{[ promptMessage ]}

Bookmark it

{[ promptMessage ]}

# Lecture 6 - Th The University of Texas at Dallas Erik...

This preview shows pages 1–5. Sign up to view the full content.

Erik Jonsson School of Engineering and Th U i it f T t D ll Computer Science The University of Texas at Dallas Sequential Logic and Clocked Circuits Up to now in our study of digital circuits, we have studied combinational logic . A combinational logic circuit operates such that the output of the circuit depends only on the input(s) . We now move on to sequential logic , which makes up a large portion of the digital circuits in computers. Sequential logic differs from combinational logic in several ways: Its outputs depend not only on logic inputs but also the internal state of the logic . The output of sequential logic does not necessarily change when an input changes, but is synchronized to some “triggering event.” Sequential logic is often synchronized or triggered by a train of © N. B. Dodge 09/09 Lecture #6: Fundamentals of Sequential Logic Circuits 1 regular pulses on a serial input line, which is referred to as a “clock.”

This preview has intentionally blurred sections. Sign up to view the full version.

View Full Document
Erik Jonsson School of Engineering and Th U i it f T t D ll Computer Science The University of Texas at Dallas Representation of Sequential Logic State or M Combinational L i Clock or Timing Memory Element Logic Elements Device Output Input Sequential logic has inputs and outputs like combinational logic. It also has a timing (synchronizing) mechanism and state or memory element(s) Variables a timing (synchronizing) mechanism and state or memory element(s). Sequential logic may (usually will) have combinational parts. Sequential logic outputs depend on the timing and state elements as well as the input variables. That is, the outputs normally change as a function of © N. B. Dodge 09/09 Lecture #6: Fundamentals of Sequential Logic Circuits 2 the timing element .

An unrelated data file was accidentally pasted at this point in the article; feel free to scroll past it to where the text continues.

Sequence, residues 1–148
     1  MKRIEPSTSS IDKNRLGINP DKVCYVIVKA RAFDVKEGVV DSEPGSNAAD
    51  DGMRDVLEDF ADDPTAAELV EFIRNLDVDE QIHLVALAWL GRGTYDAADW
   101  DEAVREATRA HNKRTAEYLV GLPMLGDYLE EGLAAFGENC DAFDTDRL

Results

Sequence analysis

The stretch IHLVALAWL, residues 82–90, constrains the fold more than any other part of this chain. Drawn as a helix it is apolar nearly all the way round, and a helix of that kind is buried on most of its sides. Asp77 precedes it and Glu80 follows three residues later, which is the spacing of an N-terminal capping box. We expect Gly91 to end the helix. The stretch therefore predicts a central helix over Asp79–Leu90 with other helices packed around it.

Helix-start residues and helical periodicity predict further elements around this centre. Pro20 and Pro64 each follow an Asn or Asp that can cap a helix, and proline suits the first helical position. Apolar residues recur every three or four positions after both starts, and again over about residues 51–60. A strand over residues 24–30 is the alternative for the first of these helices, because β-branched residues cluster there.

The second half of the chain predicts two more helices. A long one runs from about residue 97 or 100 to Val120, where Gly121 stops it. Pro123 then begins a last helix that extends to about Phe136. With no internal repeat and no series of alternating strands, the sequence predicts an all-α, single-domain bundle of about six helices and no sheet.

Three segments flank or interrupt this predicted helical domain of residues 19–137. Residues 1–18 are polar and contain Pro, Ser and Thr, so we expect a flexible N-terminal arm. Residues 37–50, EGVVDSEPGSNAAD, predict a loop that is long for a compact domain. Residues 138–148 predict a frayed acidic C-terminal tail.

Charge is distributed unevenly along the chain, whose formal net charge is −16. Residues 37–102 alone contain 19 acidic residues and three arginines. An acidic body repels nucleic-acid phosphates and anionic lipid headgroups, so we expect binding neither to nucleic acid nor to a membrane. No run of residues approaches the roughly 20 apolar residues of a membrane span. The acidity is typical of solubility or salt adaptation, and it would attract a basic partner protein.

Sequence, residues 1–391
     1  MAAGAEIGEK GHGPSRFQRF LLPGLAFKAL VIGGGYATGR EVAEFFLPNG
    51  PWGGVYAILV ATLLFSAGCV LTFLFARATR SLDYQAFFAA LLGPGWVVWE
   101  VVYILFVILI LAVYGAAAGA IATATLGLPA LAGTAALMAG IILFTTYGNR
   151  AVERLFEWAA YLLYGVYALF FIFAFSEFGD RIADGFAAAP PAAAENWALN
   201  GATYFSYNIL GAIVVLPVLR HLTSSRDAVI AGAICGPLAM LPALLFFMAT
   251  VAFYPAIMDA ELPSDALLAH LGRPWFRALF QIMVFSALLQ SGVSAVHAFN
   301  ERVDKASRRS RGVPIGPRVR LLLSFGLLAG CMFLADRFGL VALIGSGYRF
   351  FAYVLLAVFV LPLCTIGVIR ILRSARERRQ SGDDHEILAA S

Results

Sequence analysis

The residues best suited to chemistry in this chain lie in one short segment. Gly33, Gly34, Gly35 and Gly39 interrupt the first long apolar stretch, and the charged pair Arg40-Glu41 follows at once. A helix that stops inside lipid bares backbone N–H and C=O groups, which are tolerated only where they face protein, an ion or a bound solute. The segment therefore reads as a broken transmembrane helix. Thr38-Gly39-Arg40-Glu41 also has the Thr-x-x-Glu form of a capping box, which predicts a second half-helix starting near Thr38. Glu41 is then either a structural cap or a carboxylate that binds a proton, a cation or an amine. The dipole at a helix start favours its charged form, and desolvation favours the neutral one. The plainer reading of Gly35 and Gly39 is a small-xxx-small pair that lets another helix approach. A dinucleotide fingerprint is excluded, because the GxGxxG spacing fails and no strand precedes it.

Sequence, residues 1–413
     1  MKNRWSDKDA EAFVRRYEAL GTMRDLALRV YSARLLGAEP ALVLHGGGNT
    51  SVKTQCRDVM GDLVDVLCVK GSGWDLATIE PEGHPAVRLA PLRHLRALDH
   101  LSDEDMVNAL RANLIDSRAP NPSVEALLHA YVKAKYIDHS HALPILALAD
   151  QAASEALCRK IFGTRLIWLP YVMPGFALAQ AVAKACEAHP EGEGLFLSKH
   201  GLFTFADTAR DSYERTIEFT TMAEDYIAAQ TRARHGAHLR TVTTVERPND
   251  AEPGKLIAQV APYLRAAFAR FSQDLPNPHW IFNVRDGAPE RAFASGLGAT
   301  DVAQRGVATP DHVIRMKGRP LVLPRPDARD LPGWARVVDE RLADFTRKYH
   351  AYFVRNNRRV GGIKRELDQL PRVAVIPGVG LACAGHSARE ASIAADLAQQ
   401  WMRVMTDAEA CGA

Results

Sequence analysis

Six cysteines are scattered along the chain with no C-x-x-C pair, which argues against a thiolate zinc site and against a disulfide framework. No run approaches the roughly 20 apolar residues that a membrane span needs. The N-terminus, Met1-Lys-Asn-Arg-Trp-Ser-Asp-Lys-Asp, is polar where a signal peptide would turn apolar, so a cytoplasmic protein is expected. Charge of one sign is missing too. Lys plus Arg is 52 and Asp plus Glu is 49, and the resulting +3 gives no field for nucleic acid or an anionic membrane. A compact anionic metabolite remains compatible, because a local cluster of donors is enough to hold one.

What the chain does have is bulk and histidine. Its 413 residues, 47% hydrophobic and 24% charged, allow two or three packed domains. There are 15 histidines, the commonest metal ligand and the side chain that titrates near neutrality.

Erik Jonsson School of Engineering and Th U i it f T t D ll Computer Science The University of Texas at Dallas The Simple Latch or R-S Flip-Flop Q Set R-S Flip-Flop Q Reset The simplest example of a sequential logic device is the R-S latch or R-S flip-flop (R-S FF). This is a non-clocked device that simply consists of two cross- connected 2-input NAND gates ( it may also be represented as combinations of other gates ). Note that per our definition, the R-S FF has an output that © N. B. Dodge 09/09 Lecture #6: Fundamentals of Sequential Logic Circuits 3 depends on its current state as well as the inputs.

This preview has intentionally blurred sections. Sign up to view the full version.

View Full Document
Erik Jonsson School of Engineering and Th U i it f T t D ll Computer Science The University of Texas at Dallas The Simple Latch or R-S Flip-Flop (2) Q Set R-S Flip-Flop Q Reset This most basic form of the R-S FF uses “negative-true” input logic. That is, it changes states based on inputs that transition to 0 , not to 1. When the Q output is 1 and Q=0, the R-S FF is said to be “set.” Likewise, when Q=0 and Q=1, the flip-flop is said to be “reset.” Q and Q will always have opposite states.
This is the end of the preview. Sign up to access the rest of the document.

{[ snackBarMessage ]}

### Page1 / 27

Lecture 6 - Th The University of Texas at Dallas Erik...

This preview shows document pages 1 - 5. Sign up to view the full document.

View Full Document
Ask a homework question - tutors are online